Monday, December 13, 2010

Top Ten Holiday Ham Pairings

It's that time of year again. Time to break out the fine China, turn on Andy Williams, wrap presents, and invite your family over to share in the holiday festivities. Everybody's holiday dinner is a bit different. Some of you may bring back the turkey, others go with something less traditional, rack of lamb, lobster, or perhaps lasagna. But for those of you sharpening your knives for the traditional Christmas ham, I've put together a list of my top ten holiday ham wine pairings.

1. Reilly's - 'Barking Mad' Riesling - Clare Valley, Australia 2009 - $15
When people see Riesling on a wine label they either think, "Yay!" or "Oh, I don't do sweet." This refreshing white is perfect either way, because it showcases delicious fruity characteristics and it's dry. The Clare Valley is known for producing world-class dry whites from the Riesling grape. These wines tend to be a little weightier than, say, a German Riesling. This racy white has the weight to hold up to the ham, with the acidity to hydrate the palate after each salty bite. An incredible, food-friendly wine for the price.

2. Alexander Valley Vineyards - Gewurztraminer - Mendocino County, California 2010 - $9
Alexander Valley Vineyards is one of my favorite "value" producers in California. They are known for their Cabs, red blends, and Chardonnays, but this little ditty shows a whole new side of this value-packed producer. This California Gewurztraminer from the cooler Mendocino County displays typical Gewurz characteristics. With aromas of lychee nut and spice followed by an oily texture and a kiss of sweetness, this weighty white is your ham's soul mate. Its mediumish body and touch of sweetness make it a perfect partner for a honey glazed ham.

3. Trimbach - 'Reserve' Pinot Gris - Alsace, France 2007 - $28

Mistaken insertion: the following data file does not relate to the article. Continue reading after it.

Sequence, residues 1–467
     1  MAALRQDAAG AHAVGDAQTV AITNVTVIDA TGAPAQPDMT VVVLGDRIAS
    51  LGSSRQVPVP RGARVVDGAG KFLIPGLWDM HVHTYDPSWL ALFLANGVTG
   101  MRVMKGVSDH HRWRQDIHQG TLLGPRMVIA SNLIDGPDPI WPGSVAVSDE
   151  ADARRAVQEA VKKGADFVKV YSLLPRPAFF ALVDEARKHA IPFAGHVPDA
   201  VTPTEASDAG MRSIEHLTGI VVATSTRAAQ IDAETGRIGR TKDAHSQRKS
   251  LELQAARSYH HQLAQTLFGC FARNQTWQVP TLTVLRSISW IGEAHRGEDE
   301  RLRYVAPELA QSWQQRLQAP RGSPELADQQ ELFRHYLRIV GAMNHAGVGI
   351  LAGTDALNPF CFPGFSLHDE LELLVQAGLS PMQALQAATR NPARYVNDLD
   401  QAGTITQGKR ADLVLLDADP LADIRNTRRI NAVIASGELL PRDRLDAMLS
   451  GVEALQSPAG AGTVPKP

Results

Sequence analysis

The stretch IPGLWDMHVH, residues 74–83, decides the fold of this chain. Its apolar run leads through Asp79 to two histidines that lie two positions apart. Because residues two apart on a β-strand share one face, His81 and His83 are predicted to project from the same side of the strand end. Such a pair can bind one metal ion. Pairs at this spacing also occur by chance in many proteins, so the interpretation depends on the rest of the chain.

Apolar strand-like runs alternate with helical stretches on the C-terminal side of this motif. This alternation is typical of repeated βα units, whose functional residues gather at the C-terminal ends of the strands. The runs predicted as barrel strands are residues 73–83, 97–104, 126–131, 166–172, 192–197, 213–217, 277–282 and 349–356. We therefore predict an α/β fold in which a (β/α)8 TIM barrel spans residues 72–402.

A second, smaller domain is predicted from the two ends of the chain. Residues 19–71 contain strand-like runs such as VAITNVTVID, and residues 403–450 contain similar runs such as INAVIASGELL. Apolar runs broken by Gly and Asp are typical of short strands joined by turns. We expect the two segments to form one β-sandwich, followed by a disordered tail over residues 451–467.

I've said it before: Alsace produces some of the most food-friendly wines in the world. What separates their Pinot Gris from Italy's Pinot Grigio, other than the name, is the added weight and lush, versus lean, fruit flavors and aromas. Alsatian Pinot Gris has a fuller body, making it a great partner for a protein like ham. Oven roasting concentrates flavors on the outside, so pairing a roast ham with a fuller-bodied white ensures the wine won't get lost. In addition, this Alsatian Pinot Gris has the lush fruit flavors and aromas to compliment a variety of sides on the table.

4. The Crossings - 'Unoaked' Chardonnay - Marlborough, New Zealand 2009 - $18
Chardonnay is probably the most adulterated grape of them all. Its delicious characteristics are commonly masked by winemakers through the use of oak and malolactic fermentation. This producer takes a different approach with Chardonnay. They preserve the grape's natural acidity by not aging or fermenting in oak. The result is a dry, clean, refreshing wine, perfect for pairing with your Christmas ham.

5. Beckmen - Grenache Rosé - Santa Ynez, California 2009 - $18
When in doubt, think pink. Rosé is one of the most food-friendly styles in the world. The apparent acidity and light structure of these wines make them a great match for a wide range of foods. The Beckman's light red color and soft tannin comes from a limited amount of time spent soaking with red grape skins. This producer used the Grenache grape to make its delicious rosé, resulting in a spicy pink delight. I like this pairing because it won't overpower the ham, but more importantly, because it has a touch of tannin to cut through fat. Plus it has a little spice to compliment any mustard accompaniments. I would describe this pairing as an instant holiday classic!

6. Wild Horse - Pinot Noir - Paso Robles, California 2007 - $25